When asked, Meister says that the distinction between the two types of hacking is legally constructed; technically, it is impossible to separate them. Both methods are used for completely different crimes. The more advanced variant is used against serious crimes. Secret services also use it, but there it is different again. He expects that sooner or later climate protests will also be attacked with at least telephone surveillance or even tools like these.
As far as the victims are concerned, very few have come forward, as far as he knows. In 2011, a bodybuilder who bought anabolic steroids that were legal in the neighbouring country came forward to DigiTask. In his investigation files, logs were found that must have come from a hacking operation. Attacks on Catalan activists were also reported in Germany, and one of them was even said to be a German citizen. With regard to the information, the numbers were known, but not the software used. The BKA could have provided information on this, but decided to stay away.
It was not known whether software from the Austrian company DSIRF was used in Germany, but the company had spoken to the BKA, though it was kept secret. There were many reports on Russian connections at the time, but in 2021 it was not yet that interesting. Jan Marsalek also had communication on this in his mailbox, he had discovered a document on this.
He does not believe that the separation into „small“ and „large“ Trojans is legally clean. He knows of no country that has similar regulations. It was also only necessary in Germany, as the Federal Constitutional Court restricted its use to the most serious crimes. The BKA invented source telecommunication surveillance for this very reason.
In addition to CitizenLab, NGOs such as Access Now, Amnesty Lab and Reporters Without Borders also have the tools to investigate the attacks. But the people concerned do not come, and he does not know why. Perhaps this is also not in the investigation files, so that those affected do not find out about it. Moreover, intelligence services have their own rules on the use of the software, which also differs in the 16 federal states. So there is probably a lot of misuse.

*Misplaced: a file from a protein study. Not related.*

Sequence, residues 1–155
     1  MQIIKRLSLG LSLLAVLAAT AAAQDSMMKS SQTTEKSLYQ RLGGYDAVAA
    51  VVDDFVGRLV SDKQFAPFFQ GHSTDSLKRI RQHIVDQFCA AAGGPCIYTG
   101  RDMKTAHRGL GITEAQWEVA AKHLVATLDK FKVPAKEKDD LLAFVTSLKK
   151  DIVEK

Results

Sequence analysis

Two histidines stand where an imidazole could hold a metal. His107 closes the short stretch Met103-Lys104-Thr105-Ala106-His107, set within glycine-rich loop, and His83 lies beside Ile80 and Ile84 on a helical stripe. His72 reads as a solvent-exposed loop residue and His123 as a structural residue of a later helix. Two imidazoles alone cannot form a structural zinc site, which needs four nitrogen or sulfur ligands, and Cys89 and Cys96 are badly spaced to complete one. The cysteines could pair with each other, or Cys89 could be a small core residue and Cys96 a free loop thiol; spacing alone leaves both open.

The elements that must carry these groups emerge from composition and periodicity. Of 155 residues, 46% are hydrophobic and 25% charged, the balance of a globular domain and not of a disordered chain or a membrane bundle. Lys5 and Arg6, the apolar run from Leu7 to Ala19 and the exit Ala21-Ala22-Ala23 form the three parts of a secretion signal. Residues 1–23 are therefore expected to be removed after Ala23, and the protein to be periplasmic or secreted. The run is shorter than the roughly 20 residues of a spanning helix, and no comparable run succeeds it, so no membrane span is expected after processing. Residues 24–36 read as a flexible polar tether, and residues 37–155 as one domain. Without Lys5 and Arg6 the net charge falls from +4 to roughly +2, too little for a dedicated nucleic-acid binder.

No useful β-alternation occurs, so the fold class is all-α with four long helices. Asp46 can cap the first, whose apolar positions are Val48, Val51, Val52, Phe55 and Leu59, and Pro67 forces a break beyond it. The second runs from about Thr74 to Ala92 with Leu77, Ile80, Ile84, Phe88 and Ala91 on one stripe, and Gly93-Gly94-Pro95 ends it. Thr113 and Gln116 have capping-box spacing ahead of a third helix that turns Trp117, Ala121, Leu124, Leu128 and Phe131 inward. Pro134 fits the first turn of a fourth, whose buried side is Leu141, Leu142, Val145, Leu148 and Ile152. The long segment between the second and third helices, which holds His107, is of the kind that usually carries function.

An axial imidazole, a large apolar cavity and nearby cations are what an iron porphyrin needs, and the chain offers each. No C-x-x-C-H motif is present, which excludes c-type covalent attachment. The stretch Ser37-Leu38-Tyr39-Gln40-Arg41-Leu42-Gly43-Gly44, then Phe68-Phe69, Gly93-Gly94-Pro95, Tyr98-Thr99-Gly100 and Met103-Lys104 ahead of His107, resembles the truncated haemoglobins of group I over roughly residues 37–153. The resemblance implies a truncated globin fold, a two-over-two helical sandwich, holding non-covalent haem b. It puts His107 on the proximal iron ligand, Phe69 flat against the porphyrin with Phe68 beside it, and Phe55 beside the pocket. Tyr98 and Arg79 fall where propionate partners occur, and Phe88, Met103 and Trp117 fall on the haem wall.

On the question of regulating or banning the software, Meister says there needs to be a ban, you can’t get the genie back in the bottle. A ban is therefore very much needed. There are possibilities for regulation so that one does not fall behind, at zerodays this should also happen. The EU was also a pioneer in the export control of such tools. Privacy International had already published a document with demands against digital espionage in 2018. They had also seen how attackers disguised themselves as, for example, social security, which was identity theft and fraud. In his opinion, states should not be allowed to oblige companies to carry out attacks and hack their own customers. There are also possibilities to prohibit foreign companies from doing business on their own territory, as the USA has done.
Transparency according to the German legal system could be improved. Whenever something was investigated, abuse was found. One cannot allow state institutions to control themselves. There is no reason for secrecy, because criminals know that they are being bugged. The Ministry of the Interior now also wants to break the coalition agreement and allow state hacking after all.
Initially, they said they would buy FinFisher for the transition until their own product was programmed. That didn’t work out because FinFisher also had to be revised several times. These tools are all different, they don’t do the same thing. This is already evident with two different mobile phone operating systems, others infect Windows computers, others cars. For the intrusion of each system, different security holes are needed. So from a technical point of view, it is understandable why the authorities would have different tools.
See here the stream of today‘s hearing.